Kevin J. Krizek, professor of transport and the new director of CU-Boulder’s environmental design program, also serves as a visiting professor of cycling at Radboud University in the Netherlands, one of the world’s most bicycle-friendly societies. Here he talks about what the Dutch do right, what Americans could do better and the joy of the wind in his hair.
What do you hope to learn about cycling in the Netherlands?
The Dutch have figured out a successful recipe for how cycling can be woven into a community’s transport fabric. They have been at it steadfast since the early 1970s, continuing to add different ingredients — economic incentives, land use regulations, street design standards, cultural peculiarities and new industries. What parts of this success story — which ingredients specifically — might be best exported from the Netherlands and imported into other settings, such as U.S. cities?
Why aren’t bicycles as much a part of transportation culture in the United States as in Europe?
U.S. communities have been developed, sometimes exclusively, around convenient use of the automobile. This means distances are farther, safe bicycling facilities are fewer and other transport modes, particularly cycling, are a lot less attractive than in many European counterparts.
With 13 bikes of your own, you’ll probably be riding alongside the Dutch when you’re there, right?
Sustainable transport is a core element of my research portfolio, and cycling is a key component of that. My family chose to live in Boulder, in part, for the great cycling that is available. I almost always cycle around town for errands or other activities.
How old were you when you got your first bicycle, and what was it?
It was a blue Schwinn Collegiate 3-speed, handed down from my brother. He received a new Schwinn Continental and when I was in 4th grade I got his old one.
How did you become interested in cycling as an academic specialty?
My professional interest has always been in sustainable transport and the relationship to community design. Cycling, in particular, also appealed to me on a very personal level, providing a good way to get around town and an outlet for competition. From a research perspective, it was a mode whose time was ripe for picking. There was a synergistic opportunity to meld all three — city planning aims, personal interests and research needs. Cities continue to wrestle with how to best incorporate more cycling into their transport portfolio. Trying to uncover that recipe for different cultural contexts is challenging and interesting.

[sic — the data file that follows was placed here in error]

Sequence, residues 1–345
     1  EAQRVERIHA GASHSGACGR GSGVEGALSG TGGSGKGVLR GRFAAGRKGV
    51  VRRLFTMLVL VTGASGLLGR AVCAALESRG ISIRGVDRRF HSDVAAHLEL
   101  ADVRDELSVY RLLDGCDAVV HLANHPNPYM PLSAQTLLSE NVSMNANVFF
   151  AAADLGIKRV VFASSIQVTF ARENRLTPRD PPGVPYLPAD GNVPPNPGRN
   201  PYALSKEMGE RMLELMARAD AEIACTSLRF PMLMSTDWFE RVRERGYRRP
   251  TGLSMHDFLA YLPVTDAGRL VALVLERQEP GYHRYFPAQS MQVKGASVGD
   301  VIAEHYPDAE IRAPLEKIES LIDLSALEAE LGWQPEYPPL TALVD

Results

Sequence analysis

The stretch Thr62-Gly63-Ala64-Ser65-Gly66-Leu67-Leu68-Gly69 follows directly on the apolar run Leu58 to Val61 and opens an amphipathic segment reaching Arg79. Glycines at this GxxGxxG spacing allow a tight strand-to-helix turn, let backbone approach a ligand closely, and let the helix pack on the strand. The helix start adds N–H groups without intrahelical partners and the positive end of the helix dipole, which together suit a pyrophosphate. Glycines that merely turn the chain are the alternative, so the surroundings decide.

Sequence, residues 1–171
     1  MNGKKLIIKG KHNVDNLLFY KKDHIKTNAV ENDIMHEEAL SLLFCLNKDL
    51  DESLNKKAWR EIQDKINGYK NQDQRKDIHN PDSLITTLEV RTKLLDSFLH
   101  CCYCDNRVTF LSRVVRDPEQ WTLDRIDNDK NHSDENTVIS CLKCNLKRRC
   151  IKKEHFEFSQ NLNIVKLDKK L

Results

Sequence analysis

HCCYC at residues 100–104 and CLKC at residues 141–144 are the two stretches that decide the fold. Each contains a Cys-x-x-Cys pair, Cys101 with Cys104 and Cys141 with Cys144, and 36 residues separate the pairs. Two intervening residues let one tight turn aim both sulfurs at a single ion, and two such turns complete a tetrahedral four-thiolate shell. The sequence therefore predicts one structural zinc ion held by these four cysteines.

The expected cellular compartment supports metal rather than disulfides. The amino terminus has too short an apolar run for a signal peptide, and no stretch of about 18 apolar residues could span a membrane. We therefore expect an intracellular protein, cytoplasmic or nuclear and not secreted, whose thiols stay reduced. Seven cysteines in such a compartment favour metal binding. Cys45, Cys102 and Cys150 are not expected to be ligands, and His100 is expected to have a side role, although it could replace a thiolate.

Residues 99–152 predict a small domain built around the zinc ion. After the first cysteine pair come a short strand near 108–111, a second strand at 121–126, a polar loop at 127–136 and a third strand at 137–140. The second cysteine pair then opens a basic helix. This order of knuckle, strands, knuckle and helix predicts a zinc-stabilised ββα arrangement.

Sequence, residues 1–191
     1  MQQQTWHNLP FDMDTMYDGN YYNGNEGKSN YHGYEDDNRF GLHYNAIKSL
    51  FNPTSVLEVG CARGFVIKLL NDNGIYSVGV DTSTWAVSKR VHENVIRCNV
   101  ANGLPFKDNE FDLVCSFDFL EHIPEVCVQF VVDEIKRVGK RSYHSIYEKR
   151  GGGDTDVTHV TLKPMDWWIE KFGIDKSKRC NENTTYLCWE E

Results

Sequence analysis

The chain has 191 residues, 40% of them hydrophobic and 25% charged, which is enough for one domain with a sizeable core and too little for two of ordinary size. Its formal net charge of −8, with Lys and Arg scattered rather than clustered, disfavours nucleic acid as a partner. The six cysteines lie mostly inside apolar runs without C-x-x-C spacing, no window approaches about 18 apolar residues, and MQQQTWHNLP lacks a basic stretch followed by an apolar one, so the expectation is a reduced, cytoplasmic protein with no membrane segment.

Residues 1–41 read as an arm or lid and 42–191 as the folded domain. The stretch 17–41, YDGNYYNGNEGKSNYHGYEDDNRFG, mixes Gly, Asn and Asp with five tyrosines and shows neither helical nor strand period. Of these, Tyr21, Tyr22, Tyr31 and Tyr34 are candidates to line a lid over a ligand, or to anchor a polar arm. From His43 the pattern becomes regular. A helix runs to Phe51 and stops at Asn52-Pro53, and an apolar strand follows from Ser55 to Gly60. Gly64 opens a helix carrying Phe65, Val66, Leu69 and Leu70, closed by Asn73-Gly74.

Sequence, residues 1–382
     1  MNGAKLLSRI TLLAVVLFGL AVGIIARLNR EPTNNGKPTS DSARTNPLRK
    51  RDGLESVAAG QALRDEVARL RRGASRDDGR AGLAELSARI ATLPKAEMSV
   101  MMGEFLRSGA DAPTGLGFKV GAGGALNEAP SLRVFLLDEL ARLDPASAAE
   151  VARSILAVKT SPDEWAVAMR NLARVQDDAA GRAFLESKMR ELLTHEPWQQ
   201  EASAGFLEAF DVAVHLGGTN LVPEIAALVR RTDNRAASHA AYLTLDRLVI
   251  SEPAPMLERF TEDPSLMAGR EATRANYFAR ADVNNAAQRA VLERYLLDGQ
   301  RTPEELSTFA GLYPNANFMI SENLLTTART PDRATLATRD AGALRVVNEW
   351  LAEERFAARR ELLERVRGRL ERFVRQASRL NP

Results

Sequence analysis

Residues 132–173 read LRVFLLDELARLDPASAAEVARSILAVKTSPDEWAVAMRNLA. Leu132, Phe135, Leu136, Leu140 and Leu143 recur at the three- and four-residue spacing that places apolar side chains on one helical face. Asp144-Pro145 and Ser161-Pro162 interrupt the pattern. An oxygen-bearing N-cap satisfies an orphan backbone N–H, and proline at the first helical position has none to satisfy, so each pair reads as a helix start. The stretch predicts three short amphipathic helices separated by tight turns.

What elements of Dutch cycling culture would translate well in Boulder?
Cycling is clearly part of the DNA of the Dutch. They have a model for thinking creatively and strategically about how street space can be parlayed into better cycling conditions. They have more street space devoted to cycling with protected bike lanes, endless rows of bicycle parking and emerging fast cycling routes. But you can’t just pick up discrete elements of their system and move it someplace else; it works as a system.
What’s Boulder doing well when it comes to fostering a bicycle-friendly culture?
Boulder is starting to think creatively about how street space is used. Over the coming decades, cities are likely to see increased repurposing of street space — from being almost exclusively devoted to automobile use to being more inclusive of transit, cycling and other innovative modes. Boulder is exploring areas of low-hanging fruit where roadway space can be converted to protected cycling facilities.
What’s a favorite moment you’ve had while cycling?
One of the most satisfying moments is during gridlock situations in cities. People are sitting stationary in their cars, getting furious. You just whiz by on your bike with the wind flowing through your hair. You’re able to get somewhere in 10 minutes that otherwise would take double that in a car. Actually, there are few things that rival the exhilaration of cycling anywhere and experiencing the changing urban fabric with the wind in your hair.
Condensed and edited. Photography by Glenn Asakawa